The Ironism

The Ironism


The lair of Lars J. Nilsson. Contains random musings on beer, writing and this thing we call life.

September 2006
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CMS Hell; Part V; Magnolia

fungrimfungrim

This is a series of post starting here, in which I look at different CMS installations and despair.Magnolia came in late in my research but I immediately started thinking that I perhaps had found something good. As several other systems it comes with one “community” version and one “enterprise” version, but I don’t mind as long as the feature set isn’t too crippled on the community install.The Good

The Semi-Good

The Semi-Bad

The Bad

ConclusionVery good package. And probably a winner. I really like the cleanliness. And the the easy page administration (saves a lot of support time). I like the templating. On the downside, I’ll be looking for 3rd party modules if I need them and may be forced to write my own, but I would need to do so in any case for any system to a certain extent, so that is only a minor scratch on the whole. Multilingual content? Well, considering the competition Magnolia comes out smelling of roses, I’d much rather take an honest “no, but it easy to do”, than a “yes, but it is rather complicated”.

The proprietor of this blog. Lunchtime poet, former opera singer, computer programmer. But not always in that order. Ask me again tomorrow.

    Comments 6
    • Boris
      Posted on

      Boris Boris

      Author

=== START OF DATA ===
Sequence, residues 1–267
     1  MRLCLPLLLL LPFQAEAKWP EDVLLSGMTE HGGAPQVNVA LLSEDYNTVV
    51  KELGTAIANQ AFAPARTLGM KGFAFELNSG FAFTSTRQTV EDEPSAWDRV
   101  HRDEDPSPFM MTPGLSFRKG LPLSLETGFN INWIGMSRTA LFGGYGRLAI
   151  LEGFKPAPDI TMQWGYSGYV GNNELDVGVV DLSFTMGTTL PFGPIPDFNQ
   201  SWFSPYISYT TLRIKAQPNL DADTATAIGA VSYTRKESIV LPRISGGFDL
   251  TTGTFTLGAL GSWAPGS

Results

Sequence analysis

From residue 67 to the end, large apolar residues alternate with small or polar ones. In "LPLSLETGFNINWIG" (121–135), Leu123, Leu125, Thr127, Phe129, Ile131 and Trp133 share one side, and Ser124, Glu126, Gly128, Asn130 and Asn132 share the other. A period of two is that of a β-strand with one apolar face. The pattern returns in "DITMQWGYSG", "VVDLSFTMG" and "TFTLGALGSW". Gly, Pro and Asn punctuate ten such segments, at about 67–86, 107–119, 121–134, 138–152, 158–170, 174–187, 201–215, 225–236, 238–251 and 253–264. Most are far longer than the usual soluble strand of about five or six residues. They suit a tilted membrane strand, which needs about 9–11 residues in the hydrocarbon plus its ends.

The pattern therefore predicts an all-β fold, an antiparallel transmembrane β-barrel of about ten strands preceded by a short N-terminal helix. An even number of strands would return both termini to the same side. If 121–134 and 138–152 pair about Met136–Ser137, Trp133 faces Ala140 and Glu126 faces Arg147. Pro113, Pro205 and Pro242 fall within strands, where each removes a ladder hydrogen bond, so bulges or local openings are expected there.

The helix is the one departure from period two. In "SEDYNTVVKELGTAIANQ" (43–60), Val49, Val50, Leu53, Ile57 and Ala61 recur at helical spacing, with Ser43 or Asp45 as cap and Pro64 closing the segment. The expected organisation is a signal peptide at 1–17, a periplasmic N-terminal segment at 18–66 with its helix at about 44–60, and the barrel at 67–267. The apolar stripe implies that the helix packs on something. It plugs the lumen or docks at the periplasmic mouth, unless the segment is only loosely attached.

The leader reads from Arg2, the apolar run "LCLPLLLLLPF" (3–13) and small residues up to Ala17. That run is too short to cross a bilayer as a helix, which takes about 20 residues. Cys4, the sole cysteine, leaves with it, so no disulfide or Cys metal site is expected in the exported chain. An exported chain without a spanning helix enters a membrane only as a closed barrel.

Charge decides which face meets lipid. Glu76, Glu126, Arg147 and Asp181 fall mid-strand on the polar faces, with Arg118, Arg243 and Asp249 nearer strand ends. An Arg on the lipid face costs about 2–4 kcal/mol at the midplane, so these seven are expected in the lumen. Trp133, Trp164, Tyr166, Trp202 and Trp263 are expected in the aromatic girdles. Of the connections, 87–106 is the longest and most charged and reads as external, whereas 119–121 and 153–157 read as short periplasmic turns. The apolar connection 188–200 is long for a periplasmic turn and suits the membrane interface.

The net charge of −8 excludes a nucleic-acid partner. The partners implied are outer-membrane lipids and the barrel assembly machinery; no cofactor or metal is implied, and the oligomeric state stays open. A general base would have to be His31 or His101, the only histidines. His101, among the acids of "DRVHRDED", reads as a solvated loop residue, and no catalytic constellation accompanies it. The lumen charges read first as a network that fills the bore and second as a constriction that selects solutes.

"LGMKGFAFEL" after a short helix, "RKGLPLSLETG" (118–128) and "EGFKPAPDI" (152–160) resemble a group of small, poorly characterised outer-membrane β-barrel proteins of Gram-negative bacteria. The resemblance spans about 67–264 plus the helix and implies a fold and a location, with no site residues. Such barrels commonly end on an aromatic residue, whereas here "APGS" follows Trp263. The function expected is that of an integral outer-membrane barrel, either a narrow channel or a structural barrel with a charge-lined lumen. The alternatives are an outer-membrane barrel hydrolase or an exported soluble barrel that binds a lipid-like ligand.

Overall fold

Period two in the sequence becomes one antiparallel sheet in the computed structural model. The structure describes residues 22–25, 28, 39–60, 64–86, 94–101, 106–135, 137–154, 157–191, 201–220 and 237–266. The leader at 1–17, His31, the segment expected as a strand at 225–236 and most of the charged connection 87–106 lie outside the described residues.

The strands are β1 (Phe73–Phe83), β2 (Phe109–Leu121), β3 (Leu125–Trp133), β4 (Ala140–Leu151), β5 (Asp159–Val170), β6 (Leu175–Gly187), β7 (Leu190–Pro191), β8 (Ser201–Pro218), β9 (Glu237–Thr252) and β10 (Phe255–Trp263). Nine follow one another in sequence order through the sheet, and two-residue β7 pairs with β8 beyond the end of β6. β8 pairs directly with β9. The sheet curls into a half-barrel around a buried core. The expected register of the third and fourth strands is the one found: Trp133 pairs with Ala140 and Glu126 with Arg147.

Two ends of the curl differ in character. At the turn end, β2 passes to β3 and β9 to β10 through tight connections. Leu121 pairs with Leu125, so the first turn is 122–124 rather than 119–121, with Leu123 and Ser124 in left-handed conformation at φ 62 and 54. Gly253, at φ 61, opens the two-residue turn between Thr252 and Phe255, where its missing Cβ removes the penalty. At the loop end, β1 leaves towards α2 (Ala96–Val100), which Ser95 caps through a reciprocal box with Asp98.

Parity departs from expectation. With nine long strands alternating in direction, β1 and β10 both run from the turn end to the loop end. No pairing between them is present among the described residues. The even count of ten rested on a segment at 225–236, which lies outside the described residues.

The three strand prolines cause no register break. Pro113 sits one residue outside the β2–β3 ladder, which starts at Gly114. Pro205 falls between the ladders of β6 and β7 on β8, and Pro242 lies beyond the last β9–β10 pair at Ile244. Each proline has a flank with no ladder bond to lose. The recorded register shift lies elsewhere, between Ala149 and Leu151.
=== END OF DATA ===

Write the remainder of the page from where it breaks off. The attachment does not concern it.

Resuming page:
I am glad you like Magnolia. Maybe some hints to open questions:the community is alive and kicking, so I guess you really have not found it ;-)Check out the mailing list, thats where we gather (except last weekend we gathered on the first ever Magnolia Geek.Meet which was a great success)Details:http://www.magnolia.info/en/magnolia/developer.html(some 9000 mails in the archive)Info on how to use other databases is found in the wiki. It is very easy for instance to switch to BerkleyDB (recommended) you need to download the (BDB-) jar and change a setting in the repository.xml, thats itI did not quite get your “cluttering of URLS” comment. You can either do something like author.magnolia.info and http://www.magnolia.info or http://www.magnolia.info/author and /Its possible (but rather undocumented) to use a single instance (no staging) setup, although that means all changes go live immediately – probably not what you want. You would need to change your templates to check for a different condition to render the edit band new-bars, thats basically it.About modules: yes that is true, we do not have much to show there at the moment. However, it is so easy to write a couple of lines in a JSP template and use this as a custom paragraph that this solves many requirements.Currently two additional modules exist in svn (our source code store) – one for external user registration and one forum – both need work on the GUI and work for 2.1.5 not 3.0 but they are there and do work (they are in production)Another reason for the lack of modules is that the module mechanism has been a rather late addition to Magnolia and will only now (keep fingers crossed) be properly documented – after the 3.0 final release in the coming days.HTHBest RegardsBoris